I’m filled with hope. A little bit of fear. But wish me luck, because I’m about to embark on a 100 day journey that could potentially change my life…and if it doesn’t, that’s okay, too. At least I’ll know I took life by the reigns and went for my dreams.

And that’s the biggest lesson here. Go for your dreams, no matter how lofty they may be. I’m going for mine. Are you?

Failure is a motivator. Success is a paralyzer.

You’ve heard it before, if at first you don’t succeed, try, try again. Or, if you’ve never failed, you’ve never tried anything new. Several years ago, I remember seeing a poster in a classroom I was observing that talked about how people who fail are in good company. The poster went on to show famous failures from history. It was pretty cool. Check it out:

Famous Failures

Anyway, yesterday I attended a school inservice with motivational speaker Salome Thomas-El, a school principal from Philadelphia. Principal El has appeared on Dr. Oz, and is an author to boot. He is renown for giving his inner-city students the game of chess and, with it, the power to escape the hard knocks of urban life. Cool guy. He talked a lot about caring for at-risk kids and reaching them on their level.

Great stuff. During his talk, he said something that stuck with me all day long: “Failure is a motivator. Success is a paralyzer.” Now, I already knew how failure can motivate you to succeed. But I hadn’t heard how success can paralyze you. He explained how his chess students, after learning the game, began to win. Tournaments would approach, but the kids wouldn’t practice because they believed they were already good players. It wasn’t until the kids started losing that they became motivated to become better. Failure was the key.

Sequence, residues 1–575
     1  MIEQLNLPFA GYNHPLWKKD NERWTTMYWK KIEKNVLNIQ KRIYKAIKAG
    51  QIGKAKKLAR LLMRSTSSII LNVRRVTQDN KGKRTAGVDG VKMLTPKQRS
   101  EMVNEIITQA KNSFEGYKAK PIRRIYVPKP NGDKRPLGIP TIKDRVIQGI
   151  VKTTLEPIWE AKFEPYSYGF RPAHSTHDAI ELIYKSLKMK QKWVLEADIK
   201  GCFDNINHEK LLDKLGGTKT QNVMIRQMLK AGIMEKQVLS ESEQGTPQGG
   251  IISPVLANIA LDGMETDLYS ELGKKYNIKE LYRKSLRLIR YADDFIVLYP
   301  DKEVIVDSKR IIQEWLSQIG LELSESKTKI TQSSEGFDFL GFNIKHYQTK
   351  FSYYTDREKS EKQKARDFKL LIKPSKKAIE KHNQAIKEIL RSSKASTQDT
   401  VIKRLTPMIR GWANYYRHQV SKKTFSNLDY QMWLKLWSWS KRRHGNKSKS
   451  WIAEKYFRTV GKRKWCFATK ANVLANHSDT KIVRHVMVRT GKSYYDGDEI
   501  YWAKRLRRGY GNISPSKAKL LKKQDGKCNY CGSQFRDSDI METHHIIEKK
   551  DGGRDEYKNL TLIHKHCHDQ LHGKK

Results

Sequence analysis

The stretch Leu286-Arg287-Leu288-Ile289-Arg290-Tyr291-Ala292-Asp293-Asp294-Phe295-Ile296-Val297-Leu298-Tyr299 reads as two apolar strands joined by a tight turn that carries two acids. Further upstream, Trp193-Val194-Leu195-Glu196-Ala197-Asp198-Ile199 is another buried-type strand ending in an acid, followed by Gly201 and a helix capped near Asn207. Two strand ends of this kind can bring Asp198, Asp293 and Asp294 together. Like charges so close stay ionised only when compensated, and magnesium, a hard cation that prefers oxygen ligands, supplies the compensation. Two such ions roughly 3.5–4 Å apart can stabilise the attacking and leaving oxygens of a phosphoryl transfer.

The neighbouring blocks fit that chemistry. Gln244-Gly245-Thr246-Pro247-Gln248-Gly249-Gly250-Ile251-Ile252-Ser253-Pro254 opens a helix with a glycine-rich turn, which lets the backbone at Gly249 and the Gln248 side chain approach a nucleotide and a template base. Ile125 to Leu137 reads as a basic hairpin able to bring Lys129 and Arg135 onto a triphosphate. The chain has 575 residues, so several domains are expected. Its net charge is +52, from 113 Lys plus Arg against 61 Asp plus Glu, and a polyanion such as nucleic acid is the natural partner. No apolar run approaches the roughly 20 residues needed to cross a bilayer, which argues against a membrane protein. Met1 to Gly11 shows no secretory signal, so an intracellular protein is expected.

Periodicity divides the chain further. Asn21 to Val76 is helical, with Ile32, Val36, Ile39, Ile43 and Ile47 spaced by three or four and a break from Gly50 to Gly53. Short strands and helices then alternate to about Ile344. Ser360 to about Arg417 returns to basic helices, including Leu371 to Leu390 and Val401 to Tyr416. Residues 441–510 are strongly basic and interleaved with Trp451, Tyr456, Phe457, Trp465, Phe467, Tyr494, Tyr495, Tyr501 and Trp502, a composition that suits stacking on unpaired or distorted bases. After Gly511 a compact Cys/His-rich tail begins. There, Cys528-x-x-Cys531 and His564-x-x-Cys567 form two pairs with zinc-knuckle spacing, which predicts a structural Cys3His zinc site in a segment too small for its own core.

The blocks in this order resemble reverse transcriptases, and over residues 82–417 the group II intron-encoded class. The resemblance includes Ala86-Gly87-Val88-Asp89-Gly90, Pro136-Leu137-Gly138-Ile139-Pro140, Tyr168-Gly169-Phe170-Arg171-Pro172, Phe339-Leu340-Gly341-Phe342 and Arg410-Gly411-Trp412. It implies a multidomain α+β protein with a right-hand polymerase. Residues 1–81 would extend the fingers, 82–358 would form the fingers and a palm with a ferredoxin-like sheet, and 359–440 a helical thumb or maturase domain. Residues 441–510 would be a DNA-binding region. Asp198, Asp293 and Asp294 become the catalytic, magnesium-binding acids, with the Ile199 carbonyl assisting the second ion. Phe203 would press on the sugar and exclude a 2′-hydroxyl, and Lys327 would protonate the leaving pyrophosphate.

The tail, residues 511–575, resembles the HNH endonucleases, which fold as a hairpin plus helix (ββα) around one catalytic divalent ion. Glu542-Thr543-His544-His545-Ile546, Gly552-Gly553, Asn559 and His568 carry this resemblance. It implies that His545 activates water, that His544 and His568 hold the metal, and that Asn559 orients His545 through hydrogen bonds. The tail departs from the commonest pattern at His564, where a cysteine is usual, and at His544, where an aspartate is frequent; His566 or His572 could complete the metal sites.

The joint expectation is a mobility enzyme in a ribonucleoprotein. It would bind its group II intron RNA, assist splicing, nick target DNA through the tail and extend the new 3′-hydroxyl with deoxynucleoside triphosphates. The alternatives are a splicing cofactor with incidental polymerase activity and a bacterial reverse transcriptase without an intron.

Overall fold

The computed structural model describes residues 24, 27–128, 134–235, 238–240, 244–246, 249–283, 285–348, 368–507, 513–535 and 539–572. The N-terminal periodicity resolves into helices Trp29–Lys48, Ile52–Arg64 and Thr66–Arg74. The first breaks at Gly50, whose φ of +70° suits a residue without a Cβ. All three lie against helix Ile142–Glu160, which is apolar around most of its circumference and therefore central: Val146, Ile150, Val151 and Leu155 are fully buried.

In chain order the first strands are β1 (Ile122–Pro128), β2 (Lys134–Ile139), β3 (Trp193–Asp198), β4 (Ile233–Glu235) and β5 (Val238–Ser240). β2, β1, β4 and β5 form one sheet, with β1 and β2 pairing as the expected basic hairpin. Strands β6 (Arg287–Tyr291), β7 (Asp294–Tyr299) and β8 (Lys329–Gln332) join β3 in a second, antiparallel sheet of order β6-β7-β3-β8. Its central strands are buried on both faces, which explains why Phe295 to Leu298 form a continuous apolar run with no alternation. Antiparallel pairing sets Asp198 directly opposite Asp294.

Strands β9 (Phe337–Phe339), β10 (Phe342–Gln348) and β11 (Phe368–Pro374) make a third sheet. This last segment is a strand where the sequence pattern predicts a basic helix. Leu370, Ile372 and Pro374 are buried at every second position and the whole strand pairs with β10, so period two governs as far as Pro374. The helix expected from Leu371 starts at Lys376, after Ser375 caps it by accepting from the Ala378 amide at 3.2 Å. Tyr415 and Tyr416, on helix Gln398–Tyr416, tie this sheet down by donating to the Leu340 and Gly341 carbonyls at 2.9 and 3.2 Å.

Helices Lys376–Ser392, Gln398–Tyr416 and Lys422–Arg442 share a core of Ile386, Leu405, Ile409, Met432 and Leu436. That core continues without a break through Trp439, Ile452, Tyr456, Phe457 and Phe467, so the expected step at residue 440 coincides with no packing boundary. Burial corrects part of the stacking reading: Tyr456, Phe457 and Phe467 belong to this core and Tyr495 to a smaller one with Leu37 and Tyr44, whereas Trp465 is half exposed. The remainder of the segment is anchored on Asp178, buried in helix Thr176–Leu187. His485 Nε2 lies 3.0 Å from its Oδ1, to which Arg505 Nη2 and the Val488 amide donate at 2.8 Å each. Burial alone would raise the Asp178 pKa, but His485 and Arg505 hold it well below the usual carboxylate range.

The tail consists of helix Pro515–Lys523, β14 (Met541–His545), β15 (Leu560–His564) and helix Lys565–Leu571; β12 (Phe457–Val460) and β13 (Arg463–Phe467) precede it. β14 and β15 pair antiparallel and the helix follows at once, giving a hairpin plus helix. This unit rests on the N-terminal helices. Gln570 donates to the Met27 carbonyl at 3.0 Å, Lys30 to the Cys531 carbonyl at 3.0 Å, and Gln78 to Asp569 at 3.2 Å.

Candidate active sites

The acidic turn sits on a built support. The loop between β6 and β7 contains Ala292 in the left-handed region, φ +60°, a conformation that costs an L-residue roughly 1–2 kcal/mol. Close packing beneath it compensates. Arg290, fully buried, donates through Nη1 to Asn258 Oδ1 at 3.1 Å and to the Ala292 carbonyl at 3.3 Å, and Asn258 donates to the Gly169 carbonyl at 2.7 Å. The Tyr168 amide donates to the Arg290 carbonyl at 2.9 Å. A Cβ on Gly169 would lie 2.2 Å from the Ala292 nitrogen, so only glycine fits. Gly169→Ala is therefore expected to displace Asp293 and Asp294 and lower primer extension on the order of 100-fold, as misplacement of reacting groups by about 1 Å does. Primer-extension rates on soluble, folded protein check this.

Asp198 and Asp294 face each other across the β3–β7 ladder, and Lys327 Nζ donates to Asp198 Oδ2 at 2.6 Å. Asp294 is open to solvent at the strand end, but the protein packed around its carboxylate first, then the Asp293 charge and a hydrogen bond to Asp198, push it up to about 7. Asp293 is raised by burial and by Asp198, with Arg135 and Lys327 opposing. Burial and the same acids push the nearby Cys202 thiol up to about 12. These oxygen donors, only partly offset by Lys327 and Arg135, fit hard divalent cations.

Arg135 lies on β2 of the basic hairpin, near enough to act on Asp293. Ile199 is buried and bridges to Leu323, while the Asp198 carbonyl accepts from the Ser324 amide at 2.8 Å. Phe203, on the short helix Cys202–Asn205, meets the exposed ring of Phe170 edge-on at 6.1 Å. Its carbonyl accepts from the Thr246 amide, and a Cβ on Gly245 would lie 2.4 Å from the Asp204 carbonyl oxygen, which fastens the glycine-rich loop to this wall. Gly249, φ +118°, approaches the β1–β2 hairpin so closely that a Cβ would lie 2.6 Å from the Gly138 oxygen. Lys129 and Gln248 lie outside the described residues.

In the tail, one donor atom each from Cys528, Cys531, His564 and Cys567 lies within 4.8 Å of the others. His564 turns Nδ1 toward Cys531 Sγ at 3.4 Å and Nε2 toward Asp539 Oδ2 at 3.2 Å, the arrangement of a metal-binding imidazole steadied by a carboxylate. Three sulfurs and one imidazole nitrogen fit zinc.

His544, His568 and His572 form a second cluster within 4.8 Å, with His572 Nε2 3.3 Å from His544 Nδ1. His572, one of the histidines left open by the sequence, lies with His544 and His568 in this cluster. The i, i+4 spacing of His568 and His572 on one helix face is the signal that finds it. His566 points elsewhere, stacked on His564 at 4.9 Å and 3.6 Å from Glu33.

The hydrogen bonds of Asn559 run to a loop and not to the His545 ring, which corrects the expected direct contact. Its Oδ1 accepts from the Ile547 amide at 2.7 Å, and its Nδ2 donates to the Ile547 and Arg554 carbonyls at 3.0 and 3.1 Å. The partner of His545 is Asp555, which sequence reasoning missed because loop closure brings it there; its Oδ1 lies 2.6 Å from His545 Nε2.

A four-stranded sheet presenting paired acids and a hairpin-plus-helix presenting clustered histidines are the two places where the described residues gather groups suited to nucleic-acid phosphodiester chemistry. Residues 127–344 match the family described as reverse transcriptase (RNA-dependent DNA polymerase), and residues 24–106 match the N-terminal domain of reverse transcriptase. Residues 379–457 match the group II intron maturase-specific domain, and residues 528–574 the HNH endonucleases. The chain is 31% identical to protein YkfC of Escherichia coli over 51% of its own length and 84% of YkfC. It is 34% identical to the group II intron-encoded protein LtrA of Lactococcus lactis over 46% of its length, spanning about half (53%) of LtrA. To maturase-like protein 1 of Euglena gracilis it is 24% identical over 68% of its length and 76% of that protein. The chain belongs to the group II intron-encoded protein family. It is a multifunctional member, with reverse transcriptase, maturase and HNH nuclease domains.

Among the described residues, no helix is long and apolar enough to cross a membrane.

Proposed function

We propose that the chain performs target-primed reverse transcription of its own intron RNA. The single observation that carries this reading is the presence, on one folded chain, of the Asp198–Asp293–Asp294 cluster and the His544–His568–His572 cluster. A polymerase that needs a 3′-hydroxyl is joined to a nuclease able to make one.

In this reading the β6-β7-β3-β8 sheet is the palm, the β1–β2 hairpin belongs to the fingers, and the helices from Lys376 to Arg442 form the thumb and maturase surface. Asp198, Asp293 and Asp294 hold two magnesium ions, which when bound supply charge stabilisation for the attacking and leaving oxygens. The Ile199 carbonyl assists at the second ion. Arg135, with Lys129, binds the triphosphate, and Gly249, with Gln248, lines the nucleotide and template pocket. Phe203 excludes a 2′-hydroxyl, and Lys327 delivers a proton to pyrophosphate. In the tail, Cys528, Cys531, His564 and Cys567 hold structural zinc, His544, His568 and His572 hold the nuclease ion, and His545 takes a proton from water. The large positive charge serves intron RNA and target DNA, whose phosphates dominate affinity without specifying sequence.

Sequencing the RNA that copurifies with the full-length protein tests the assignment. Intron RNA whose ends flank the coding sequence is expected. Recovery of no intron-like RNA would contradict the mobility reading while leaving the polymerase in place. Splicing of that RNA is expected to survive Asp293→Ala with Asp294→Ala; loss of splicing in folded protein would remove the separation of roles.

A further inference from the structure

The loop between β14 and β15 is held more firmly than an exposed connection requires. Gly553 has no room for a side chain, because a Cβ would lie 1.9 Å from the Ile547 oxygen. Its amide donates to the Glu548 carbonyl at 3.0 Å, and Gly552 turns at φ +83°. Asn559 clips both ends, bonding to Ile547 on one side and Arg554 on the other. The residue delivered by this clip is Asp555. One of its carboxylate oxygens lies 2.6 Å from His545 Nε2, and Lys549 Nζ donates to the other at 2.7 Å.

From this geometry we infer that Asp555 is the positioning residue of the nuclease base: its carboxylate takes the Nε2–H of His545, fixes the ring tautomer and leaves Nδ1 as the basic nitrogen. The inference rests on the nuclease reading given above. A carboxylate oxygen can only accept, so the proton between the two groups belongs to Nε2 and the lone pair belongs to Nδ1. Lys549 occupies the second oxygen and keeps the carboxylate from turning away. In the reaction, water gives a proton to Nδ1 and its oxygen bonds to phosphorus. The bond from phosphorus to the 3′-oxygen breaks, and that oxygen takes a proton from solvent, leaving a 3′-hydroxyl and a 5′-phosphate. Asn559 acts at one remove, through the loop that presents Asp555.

Of course, as a writer and a person who is driven to succeed, I wondered how I can apply Principal El’s concepts not only to my students but to myself. And not only that, but where would I want to apply those principles? The obvious answer for me was with my writing. I crave success beyond the small measurable amount I’ve had over the past several years. I would be thrilled to have my work represented by a literary agent–my next goal. The road to reaching that goal, however, will be paved with failure. Does knowing this make the trial seem easier? I don’t think so. Failure is a tough pill to swallow. Nobody wants to be rejected. It hurts.

Recently, a fellow author I admire named Kathy McManis Holzapfel, who writes under the pen name, Cate Noble (check her out here), shared a video of a conversation between two blockbuster authors: Stephen King and George R.R. Martin. Within their conversation the authors talked about their projects and writing processes, but one story shared by Stephen King was an eye-opener.

He talked about failure.

In his bedroom when he was just starting out, Stephen King hung a nail in his wall. On that nail, he would stick all his rejection letters to it. He wanted to see his failure so it would motivate him to succeed. Eventually, the rejection letters became so heavy that the nail came out of the wall and fell to the ground. So what did he do? He went and bought a bigger nail. Holy cow! Talk about motivation. If you’d like to see the video, check it out below. It’s lengthy, so if you simply want to see the part of the conversation I’m referring to, it’s around the 21:19 mark. For my young readers out there, there is a little bit of language between the two authors. They are Stephen King and George R.R. Martin, after all.

So, what’s the takeaway from all this? I’d say, for me at least, that I need to buckle down and prepare for rejection. I plan to send out my work to countless literary agents soon. Could be good. Could be hurtful.

But I’ve bought a big nail.